Is there universalism of human rights? If so, what are its scope and limits? This book is a doctrinal attempt to define universalism of human rights, as well as its scope and limits. The book presents tests of universalism on international, regional and national constitutional levels. It is maintained that universalism of human rights is both a 'concept' and a 'normative reality'. The normative character of human rights is scrutinized through the study of international and regional agreements as well as national constitutions. As a consequence, limitations of normativity are identified, usually on the international level, and take the form of exceptions, reservations, and interpretations. The book is based on the General and National Reports which were originally presented at the 18th International Congress of the International Academy of Comparative Law in Washington D.C. 2010.
Determining the earliest point in time at which international law authorises a state to exercise its inherent right of self-defence is an issue which has been debated, but unsatisfactorily reasoned, by scholars and states since the 1960's. Yet it remains arguably the most pressing question of law that faces the international community. This book unravels the legal and factual complications which have obscured the answer to this question. In contrast to most other works, it takes an historic approach by tracing the evolution of the rights, rules and principles of international law which have governed the use of force by states since the 16th century. Its emphasis on self-defence provides the reader with a new and complete understanding of how and why the international legal framework limits defensive force to repelling an imminent threat or use of offensive force which is directed at the territory of a state.Taking an historic approach enables this book to resurrect an understanding of the human defensive instinct which has guided the formation of the international law of self-defence. It also explains the true legal nature and scope of the inherent right of self-defence, of anticipatory self-defence and provides a definition of the legal commencement of an armed attack for the purpose of Article 51 of the Charter. Finally, the reader will receive a unique source of research materials and analysis of state practice and of scholarly works concerning self-defence and the use of force since the 16th century, which is suitable for all readers of international law around the world.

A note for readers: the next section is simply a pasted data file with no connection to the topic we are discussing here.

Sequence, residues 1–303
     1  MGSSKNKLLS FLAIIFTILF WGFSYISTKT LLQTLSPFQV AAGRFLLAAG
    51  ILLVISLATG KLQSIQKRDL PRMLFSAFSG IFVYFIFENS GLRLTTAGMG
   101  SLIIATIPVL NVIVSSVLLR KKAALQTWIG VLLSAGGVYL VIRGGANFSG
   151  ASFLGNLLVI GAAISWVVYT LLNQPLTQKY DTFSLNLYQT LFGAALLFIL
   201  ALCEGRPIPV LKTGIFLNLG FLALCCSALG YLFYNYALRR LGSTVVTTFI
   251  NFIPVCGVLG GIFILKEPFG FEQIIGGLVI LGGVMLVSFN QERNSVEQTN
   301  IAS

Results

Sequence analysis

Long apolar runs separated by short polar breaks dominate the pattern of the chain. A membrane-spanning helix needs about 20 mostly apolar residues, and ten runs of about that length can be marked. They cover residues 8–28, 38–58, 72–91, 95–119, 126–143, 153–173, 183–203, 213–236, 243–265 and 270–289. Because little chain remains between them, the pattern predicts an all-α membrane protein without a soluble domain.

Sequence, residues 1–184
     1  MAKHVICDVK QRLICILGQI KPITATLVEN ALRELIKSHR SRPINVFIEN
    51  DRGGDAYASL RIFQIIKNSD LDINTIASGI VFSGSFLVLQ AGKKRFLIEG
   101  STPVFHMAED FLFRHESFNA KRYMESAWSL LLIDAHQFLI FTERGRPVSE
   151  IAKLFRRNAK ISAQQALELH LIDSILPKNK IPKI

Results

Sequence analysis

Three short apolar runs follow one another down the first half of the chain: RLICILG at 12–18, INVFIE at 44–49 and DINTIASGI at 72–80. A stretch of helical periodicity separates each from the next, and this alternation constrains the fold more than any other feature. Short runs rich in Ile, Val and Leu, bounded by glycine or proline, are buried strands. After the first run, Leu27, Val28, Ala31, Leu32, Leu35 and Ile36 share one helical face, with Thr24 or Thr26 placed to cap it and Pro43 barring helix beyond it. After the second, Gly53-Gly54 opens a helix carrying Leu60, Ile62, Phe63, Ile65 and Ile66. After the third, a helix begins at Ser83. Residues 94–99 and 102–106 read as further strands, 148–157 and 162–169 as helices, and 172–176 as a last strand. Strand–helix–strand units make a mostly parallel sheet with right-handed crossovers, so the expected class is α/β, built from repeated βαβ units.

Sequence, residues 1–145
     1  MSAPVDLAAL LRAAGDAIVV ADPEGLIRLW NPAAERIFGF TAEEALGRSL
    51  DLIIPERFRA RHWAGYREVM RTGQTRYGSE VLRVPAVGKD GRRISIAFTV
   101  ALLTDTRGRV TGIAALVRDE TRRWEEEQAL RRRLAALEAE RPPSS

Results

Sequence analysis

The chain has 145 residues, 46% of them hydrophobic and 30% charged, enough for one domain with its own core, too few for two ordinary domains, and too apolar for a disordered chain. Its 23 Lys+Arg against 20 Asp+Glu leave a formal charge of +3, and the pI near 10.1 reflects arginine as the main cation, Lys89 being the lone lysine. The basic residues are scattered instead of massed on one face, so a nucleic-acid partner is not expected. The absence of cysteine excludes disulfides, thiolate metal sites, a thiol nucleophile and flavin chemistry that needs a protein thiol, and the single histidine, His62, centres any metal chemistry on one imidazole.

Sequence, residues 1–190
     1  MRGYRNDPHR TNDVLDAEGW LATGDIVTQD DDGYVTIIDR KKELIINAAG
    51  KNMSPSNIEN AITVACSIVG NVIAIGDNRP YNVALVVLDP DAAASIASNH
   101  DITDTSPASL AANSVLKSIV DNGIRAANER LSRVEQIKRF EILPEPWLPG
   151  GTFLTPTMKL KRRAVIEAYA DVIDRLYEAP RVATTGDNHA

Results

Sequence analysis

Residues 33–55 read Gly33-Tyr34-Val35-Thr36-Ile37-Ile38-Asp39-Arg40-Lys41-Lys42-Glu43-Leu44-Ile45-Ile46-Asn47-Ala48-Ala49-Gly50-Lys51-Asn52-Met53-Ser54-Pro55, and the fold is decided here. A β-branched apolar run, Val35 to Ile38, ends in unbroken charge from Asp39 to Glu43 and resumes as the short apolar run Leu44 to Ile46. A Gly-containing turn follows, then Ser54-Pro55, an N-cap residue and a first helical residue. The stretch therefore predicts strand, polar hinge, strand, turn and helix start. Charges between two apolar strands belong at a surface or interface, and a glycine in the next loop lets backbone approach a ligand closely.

Human rights have transformed the way in which we conceive the place of the individual within the community and in relation to the state in a vast array of disciplines, including law, philosophy, politics, sociology, geography. The published output on human rights over the last five decades has been enormous, but has remained tightly bound to a notion of human rights as dialectically linking the individual and the state. Because of human rights' dogged focus on the state and its actions, they have very seldom attracted the attention of legal pluralists. Indeed, some may have viewed the two as simply incompatible or relating to wholly distinct phenomena. This collection of essays is the first to bring together authors with established track records in the fields of legal pluralism and human rights, to explore the ways in which these concepts can be mutually reinforcing, delegitimizing, or competing. The essays reveal that there is no facile conclusion to reach but that the question opens avenues which are likely to be mined for years to come by those interested in how human rights can affect the behaviour of individuals and institutions.
Spaceflight is a rational undertaking, yet full of emotions. It is a dream of mankind and a multi-billion industry likewise. It is subject to a distinct branch of law - and moreover part of modern pop culture. In short: spaceflight is fascinating. 'Outer Space in society, politics and law' is an inter-disciplinary approach to the understanding of modern space law. Technical, cultural and historical aspects lay the foundation for a sound comprehension why space law norms have been established and what they mean in practice. The reader will realize the impact space and spaceflight have on society - from Stonehenge to climate change. A new approach to presenting space law: comprehensive and illustrative.